CUTTING AWAY THE FAT OF THE ATKINS DIET

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Download free Cutting Away the Fat of the Atkins Diet.pdf The Atkins diet is a crazy that has swept all facets of life in the United States. Approximately 25 million Americans are currently on the low-carbohydrate diet popularized by Dr. Robert Atkins. Numerous fast food companies, led by Subway, have hopped on with Atkins in an effort to catch some of its popularity in the form of customers. Even beer companies have tried to capture a niche in the market of Atkins-obsessed, health-conscious Americans. The diet’s popularity is so widespread in the United States that it is going international, capturing the attention of media outlets in countries such as England (The Daily Beacon 2004). There is no doubting that the Atkins diet is popular. But there are many other doubts surrounding the controversial and radical diet, making it an interesting and hot topic of study and debate. When something has this type of white-hot popularity, there are always questions as to whether this is a trend that will stick or if it is merely a fad that will go out of style. More importantly, there are questions as to whether the diet actually works or not and whether it is even safe.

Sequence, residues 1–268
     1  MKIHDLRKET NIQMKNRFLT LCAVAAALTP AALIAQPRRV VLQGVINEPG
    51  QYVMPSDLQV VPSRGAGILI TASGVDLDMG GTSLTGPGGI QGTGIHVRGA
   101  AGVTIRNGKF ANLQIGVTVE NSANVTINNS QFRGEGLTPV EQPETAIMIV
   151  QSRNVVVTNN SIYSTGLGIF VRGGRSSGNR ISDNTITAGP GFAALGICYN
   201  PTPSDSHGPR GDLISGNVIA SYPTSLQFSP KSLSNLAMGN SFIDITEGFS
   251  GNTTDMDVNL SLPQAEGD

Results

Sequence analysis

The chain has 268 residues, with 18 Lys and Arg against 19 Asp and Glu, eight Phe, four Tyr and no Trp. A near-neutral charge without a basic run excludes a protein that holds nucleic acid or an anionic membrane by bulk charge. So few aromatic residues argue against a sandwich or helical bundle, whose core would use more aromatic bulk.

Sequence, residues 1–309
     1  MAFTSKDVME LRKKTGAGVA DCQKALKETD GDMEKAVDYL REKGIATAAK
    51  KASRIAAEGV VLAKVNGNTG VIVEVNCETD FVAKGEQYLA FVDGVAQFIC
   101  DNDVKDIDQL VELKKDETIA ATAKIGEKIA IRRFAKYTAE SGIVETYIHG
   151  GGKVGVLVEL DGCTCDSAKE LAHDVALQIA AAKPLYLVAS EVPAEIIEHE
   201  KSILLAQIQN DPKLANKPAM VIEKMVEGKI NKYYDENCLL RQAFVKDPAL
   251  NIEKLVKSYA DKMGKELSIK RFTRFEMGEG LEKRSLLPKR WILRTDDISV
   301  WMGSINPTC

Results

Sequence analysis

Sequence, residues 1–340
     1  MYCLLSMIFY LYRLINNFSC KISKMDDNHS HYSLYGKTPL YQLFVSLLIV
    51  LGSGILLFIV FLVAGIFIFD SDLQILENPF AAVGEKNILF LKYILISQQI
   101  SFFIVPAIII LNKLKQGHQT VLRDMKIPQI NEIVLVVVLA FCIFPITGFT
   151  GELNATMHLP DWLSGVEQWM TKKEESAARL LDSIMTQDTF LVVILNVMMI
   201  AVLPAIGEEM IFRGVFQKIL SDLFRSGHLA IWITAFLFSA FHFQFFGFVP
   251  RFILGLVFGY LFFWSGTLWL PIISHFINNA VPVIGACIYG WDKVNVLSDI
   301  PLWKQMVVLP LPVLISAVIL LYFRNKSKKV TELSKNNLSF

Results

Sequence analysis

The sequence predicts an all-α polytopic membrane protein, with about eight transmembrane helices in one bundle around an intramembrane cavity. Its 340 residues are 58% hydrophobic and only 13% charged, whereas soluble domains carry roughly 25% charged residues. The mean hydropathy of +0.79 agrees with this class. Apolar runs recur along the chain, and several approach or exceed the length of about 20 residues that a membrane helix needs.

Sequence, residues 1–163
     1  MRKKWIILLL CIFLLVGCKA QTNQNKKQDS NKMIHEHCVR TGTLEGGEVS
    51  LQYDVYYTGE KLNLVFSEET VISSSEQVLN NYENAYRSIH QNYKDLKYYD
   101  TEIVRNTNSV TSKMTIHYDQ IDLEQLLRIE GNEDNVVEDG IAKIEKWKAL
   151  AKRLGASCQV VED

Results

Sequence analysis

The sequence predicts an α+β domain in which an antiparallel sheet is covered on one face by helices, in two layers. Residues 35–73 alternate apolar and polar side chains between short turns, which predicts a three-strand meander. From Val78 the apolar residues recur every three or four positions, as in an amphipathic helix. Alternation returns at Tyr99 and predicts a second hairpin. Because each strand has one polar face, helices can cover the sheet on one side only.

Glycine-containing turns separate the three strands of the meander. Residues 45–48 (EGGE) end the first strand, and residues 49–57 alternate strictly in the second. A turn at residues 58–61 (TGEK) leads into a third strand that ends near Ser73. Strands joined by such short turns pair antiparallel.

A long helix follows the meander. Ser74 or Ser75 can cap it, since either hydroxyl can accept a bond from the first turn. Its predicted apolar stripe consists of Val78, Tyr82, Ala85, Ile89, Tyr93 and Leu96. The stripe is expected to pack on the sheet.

The official website of the Atkins empire, www.atkins.com, lists numerous success stories of people who have dedicated themselves to the high-fat, low-carbohydrate diet. Obviously, it is working for some, even if there are skeptics. The diet eschews food rich in carbohydrates like bread and pasta in favor of fatty food like beef and bacon.

Although some scientists have questioned the Atkins diet’s merits, the popularity of the diet is overwhelming. The Atkins diet first gained steam by spreading by word-of-mouth. According to Kansas State marketing expert Swinder Janda, this is the best form of advertising any company can hope for (Health andFitness News Service 2004). But advertising quickly moved beyond word-of-mouth to the mainstream. Outside companies quickly tried to capitalize on Atkins’ popularity. Numerous fast food chains have made deals to have officially licensed Atkins-approved food on its menu. Subway, which has long advertised itself as the healthy fast food alternative, was the first to jump on the Atkins bandwagon (Horovitz 2003). Others soon followed suit. T.G.I. Friday’s features and actively advertises its Atkins options on its menu (atkins.com). Even places where most people would expect a health-conscious person would take their business have caught on to the Atkins movement. Hardee’s, of all places, is offering Atkins-friendly options (Muckian 2004). So what is Hardee’s doing? Offering salads? No. Chicken sandwiches? No. They’re still offering the same hamburgers loaded with all sorts of artery-clogging add-ons like chili and cheese –just no bun. Instead of wrapping the burger in two pieces of carbohydrate-loaded bread, the sandwich will be wrapped in lettuce. Burger King has followed suit. But this is the beauty – or as some people see it, the horror – of the Atkins diet. A fatty burger can help a dieter lose weight as long as the bun is nixed.

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